“Hotels and motels are routinely used for sex trafficking,” reports the Polaris Project, a nonprofit that aims to “eradicate modern slavery.” Two recent lawsuits involving insurers of motels used by traffickers highlight the complexity of determining who bears legal costs associated with such activities.

Duty to defend

Both cases revolve around “duty to defend” — an insurer’s obligation to provide a legal defense for claims made under a liability policy. Before proceeding, let me say: I’m not a lawyer.  Everything that follows is based on published reporting, and no one should act on anything I write without first consulting an attorney.

In the first case, a woman sued motel operators for letting her be trafficked at their motels when she was a minor. The Insurance and Reinsurance Disputes Blog says, “The allegations of physical harm, threats, being held at gun point, and failure to intervene were wrapped up into claims ranging from negligence per se to intentional infliction of emotional harm.”

One of the motels sought defense from its insurer, Nautilus Insurance Co. Nautilus argued it was not obligated to defend based on a policy exclusion for claims arising out of assault or battery. The court agreed, and an appellate court affirmed.

In other words, the motel owners were on the hook for their own legal costs.

In the second case, a court found the insurer – Peerless Indemnity Insurance Co. – must defend its client in a suit brought by a woman claiming she was imprisoned by a man grooming her for prostitution while the owners turned a blind eye. A lower court had dismissed the case, finding insufficient evidence the motel was engaged in trafficking. An appeals court overturned that decision.

“The relevant question,” the judge said, is whether the victim’s injuries constitute personal injury. This is because the definition of personal injury under the policy included injuries arising from false imprisonment.

Because her injuries, at least in part, arose from false imprisonment, the judge said, “the answer to that question is ‘Yes’.”

So, the court said, Peerless must pay to defend the motel.

Trafficking is a $32 billion-a-year industry. Insurers might want to review their policy language to avoid funding defenses of criminals and businesses that enable them.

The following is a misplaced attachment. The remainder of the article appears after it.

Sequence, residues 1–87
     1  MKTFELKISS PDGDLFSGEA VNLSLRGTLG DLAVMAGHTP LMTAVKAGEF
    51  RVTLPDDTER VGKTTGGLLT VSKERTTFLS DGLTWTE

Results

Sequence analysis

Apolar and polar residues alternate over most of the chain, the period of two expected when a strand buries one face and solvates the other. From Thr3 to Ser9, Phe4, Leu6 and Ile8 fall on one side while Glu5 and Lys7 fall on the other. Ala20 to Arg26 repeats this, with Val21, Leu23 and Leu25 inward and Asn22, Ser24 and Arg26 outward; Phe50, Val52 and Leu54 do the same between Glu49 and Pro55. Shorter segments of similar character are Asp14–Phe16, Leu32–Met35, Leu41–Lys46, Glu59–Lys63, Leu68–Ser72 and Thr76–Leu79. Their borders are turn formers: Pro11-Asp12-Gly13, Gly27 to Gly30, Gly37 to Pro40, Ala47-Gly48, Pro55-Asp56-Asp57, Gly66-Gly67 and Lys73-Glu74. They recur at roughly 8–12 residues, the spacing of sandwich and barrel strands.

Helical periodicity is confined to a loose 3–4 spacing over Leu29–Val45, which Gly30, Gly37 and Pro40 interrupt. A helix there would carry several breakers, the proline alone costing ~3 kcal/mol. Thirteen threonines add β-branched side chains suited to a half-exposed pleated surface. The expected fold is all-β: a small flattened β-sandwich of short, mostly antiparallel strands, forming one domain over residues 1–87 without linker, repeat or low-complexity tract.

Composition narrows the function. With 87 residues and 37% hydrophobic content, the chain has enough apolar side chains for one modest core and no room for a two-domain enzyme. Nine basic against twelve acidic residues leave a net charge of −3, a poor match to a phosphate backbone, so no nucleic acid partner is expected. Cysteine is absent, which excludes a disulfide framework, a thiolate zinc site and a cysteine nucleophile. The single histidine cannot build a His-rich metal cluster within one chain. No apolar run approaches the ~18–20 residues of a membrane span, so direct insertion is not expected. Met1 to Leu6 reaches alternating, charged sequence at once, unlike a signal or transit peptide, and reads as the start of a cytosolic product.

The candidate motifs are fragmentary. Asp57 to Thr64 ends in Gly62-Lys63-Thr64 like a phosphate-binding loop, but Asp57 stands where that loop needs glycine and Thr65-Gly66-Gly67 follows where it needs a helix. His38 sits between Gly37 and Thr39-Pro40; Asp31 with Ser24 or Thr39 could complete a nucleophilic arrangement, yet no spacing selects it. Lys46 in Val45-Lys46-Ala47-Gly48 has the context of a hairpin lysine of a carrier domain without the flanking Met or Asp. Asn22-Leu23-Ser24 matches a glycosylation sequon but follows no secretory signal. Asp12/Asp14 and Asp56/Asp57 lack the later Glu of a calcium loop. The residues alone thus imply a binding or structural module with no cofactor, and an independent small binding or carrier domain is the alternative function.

Language matters

The differences between these rulings seem to have more to do with nuances in policy language than trafficking facts.

In the Nautilus case, the appeals court found the exclusion – stating Nautilus “will have no duty to defend or indemnify any insured in any action or proceeding alleging damages arising out of any assault or battery” – unambiguous. It declared: “Nautilus had no duty to defend and indemnify” because the claims “arose from facts alleging negligent failure to prevent an assault or battery.”

The Peerless case involved two policies – a general liability and an umbrella – both of which contained exclusions for “‘personal and advertising injury’ arising out of a criminal act committed by or at the direction of the insured.”

The “personal” in “personal and advertising injury” includes false imprisonment.

To a non-lawyer like me, this seems as unambiguous as the Nautilus case: the Peerless policies excluded personal injury “arising out of one or more” of a variety of offenses, including false imprisonment.

The U.S. District Court for the District of Massachusetts disagrees. Its analysis goes into semantic tall grass, parsing phrases like “arising out of” and “but for” and is peppered with case law citations like:

  • “Ambiguities are to be construed against the insurer and in favor of the insured” and
  • “The insurer bears the burden of demonstrating that an exclusion exists that precludes coverage.”

It would exceed the bounds of my non-existent legal training – and the length of a blog post – to critique the court’s analysis. I recommend reading the decision.

But it doesn’t take a lawyer to see insurers have a stake in reviewing and possibly tightening their policy language to avoid having to fund defenses of criminals and businesses that enable them.

Trafficking is a $32 billion-a-year (and growing) industry, according to the Polaris Project.  With that kind of money involved, cases like these won’t just go away.